Executives have been batting around the concept of enterprise risk management (ERM) for a long time--certainly at least since I started in this job more than six years ago. Nonfinancial companies seemed to approach it as an almost academic endeavor--some rarefied view of an organization's thinkable and most unthinkable risks and the theoretical interfaces of those potential threats. Quantifying and then prioritizing exposures were always the biggest hurdles, and ones that often made companies settle for something much less in their risk management. That attitude may be changing (should be changing) as we start to see the possibilities that compliance activities can amount to more than a well-ordered pile of internal controls documentation. The Securities and Exchange Commission and Public Company Accounting Oversight Board have now endorsed and, in fact, mandated a risk-based approach to Sarbanes-Oxley's Section 404. Now, it is up to management to step up and implement more sophisticated programs of holistic risk management that will integrate ERM, not just into GRC, but into business operations. It may take some investment in solutions as Alfa Corp.'s Connie Whitecotton discovered. And auditors may balk at having some of their newfound power usurped. But ultimately, the battle is not just over lowering audit fees. The real beauty of Auditing Standard 5 is that it could eventually make compliance programs relevant to how a business actually performs. After four years of grousing, it's time to start making it work.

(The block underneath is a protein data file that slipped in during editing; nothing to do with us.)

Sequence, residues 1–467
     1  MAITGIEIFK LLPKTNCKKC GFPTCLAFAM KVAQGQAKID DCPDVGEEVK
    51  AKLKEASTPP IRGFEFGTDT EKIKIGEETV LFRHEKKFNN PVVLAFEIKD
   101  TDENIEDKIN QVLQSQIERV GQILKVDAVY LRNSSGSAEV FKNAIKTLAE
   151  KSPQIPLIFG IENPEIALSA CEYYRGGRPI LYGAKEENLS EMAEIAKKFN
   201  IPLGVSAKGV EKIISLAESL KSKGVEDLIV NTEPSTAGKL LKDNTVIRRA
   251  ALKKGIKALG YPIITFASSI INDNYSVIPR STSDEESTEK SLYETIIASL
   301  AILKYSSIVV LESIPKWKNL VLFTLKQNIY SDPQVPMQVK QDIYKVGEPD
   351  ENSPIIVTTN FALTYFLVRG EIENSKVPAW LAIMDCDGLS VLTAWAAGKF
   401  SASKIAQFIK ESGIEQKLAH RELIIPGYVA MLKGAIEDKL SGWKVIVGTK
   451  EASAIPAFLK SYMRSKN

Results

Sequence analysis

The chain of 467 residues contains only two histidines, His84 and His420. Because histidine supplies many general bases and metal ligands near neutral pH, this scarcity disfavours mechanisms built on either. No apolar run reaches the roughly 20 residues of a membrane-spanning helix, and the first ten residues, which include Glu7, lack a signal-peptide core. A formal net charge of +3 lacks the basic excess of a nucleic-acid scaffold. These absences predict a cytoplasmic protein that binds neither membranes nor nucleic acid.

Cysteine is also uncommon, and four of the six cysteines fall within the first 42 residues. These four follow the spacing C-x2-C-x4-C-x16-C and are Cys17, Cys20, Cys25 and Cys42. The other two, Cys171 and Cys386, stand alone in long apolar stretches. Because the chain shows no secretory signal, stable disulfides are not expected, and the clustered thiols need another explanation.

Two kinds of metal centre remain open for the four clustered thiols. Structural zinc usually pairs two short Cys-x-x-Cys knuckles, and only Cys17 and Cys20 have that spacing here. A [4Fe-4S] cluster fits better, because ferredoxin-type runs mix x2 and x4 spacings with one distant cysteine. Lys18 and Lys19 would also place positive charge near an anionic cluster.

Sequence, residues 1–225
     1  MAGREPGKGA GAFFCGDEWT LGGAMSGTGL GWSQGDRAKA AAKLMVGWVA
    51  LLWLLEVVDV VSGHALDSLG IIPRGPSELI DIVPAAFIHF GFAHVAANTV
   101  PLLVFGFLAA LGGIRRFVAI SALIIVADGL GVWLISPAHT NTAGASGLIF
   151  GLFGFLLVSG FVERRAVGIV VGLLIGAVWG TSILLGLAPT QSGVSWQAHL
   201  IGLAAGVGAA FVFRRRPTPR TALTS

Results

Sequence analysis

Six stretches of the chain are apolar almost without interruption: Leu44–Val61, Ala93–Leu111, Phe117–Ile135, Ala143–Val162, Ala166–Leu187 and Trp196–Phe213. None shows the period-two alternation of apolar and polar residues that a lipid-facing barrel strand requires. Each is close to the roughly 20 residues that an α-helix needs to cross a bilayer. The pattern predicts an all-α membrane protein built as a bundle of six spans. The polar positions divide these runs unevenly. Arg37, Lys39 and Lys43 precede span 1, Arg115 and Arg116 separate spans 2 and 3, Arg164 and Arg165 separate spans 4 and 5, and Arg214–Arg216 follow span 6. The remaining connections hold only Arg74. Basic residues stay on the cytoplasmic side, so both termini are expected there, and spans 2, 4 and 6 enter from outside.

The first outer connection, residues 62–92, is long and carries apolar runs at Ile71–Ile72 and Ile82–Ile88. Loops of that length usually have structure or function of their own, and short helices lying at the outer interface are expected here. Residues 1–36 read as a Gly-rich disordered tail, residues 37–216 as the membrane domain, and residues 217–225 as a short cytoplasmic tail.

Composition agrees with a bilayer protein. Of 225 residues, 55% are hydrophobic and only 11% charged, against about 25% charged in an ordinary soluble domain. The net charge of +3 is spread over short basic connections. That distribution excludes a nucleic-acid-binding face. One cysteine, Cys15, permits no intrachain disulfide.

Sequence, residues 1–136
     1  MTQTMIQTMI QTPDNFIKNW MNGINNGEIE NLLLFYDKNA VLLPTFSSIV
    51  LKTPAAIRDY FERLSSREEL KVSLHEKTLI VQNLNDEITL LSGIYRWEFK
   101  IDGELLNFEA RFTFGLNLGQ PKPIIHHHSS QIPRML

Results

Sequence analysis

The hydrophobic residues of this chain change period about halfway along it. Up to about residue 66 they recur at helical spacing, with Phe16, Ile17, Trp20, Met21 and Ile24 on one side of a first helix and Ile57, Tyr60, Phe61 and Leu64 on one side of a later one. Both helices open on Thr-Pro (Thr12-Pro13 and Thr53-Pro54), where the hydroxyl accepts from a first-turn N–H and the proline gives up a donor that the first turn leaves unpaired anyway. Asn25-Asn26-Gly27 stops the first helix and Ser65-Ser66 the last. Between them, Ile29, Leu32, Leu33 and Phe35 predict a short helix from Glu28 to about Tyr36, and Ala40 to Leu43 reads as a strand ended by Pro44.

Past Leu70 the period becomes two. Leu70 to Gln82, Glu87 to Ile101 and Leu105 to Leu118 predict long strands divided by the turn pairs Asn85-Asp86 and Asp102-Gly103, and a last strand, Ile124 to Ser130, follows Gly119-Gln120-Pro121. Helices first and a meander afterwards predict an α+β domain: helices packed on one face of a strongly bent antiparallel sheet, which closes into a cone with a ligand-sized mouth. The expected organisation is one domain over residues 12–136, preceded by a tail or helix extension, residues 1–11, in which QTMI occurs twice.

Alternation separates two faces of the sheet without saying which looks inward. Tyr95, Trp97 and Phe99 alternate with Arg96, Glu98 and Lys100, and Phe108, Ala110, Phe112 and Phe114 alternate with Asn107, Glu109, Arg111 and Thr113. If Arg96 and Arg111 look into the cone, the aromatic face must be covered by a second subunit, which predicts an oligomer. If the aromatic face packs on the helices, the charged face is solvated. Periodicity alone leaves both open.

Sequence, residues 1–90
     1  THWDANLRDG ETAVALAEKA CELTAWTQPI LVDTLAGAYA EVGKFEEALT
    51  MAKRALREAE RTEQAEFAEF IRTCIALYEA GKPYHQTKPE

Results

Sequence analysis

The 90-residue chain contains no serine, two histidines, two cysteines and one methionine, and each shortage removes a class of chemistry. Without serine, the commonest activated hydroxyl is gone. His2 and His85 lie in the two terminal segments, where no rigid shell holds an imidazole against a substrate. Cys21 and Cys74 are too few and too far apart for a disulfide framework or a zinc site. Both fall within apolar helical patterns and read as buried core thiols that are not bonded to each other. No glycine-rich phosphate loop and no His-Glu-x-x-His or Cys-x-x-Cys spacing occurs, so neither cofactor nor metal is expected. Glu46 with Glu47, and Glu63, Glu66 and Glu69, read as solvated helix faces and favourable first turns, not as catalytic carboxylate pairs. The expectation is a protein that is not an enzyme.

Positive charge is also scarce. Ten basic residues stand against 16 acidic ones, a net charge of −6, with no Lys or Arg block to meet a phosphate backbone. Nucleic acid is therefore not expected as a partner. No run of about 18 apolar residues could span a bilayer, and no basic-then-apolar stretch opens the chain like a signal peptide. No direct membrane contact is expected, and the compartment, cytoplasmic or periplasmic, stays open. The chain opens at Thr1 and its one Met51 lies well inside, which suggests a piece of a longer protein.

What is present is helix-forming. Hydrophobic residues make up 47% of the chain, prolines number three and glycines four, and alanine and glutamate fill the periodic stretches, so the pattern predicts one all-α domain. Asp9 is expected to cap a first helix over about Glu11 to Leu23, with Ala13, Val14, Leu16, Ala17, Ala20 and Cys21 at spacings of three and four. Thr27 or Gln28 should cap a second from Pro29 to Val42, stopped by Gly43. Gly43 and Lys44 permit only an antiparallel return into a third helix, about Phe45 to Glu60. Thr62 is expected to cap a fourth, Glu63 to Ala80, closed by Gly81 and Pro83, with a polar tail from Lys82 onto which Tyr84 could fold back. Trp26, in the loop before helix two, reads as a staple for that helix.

From the February 2008 issue of Treasury & Risk magazine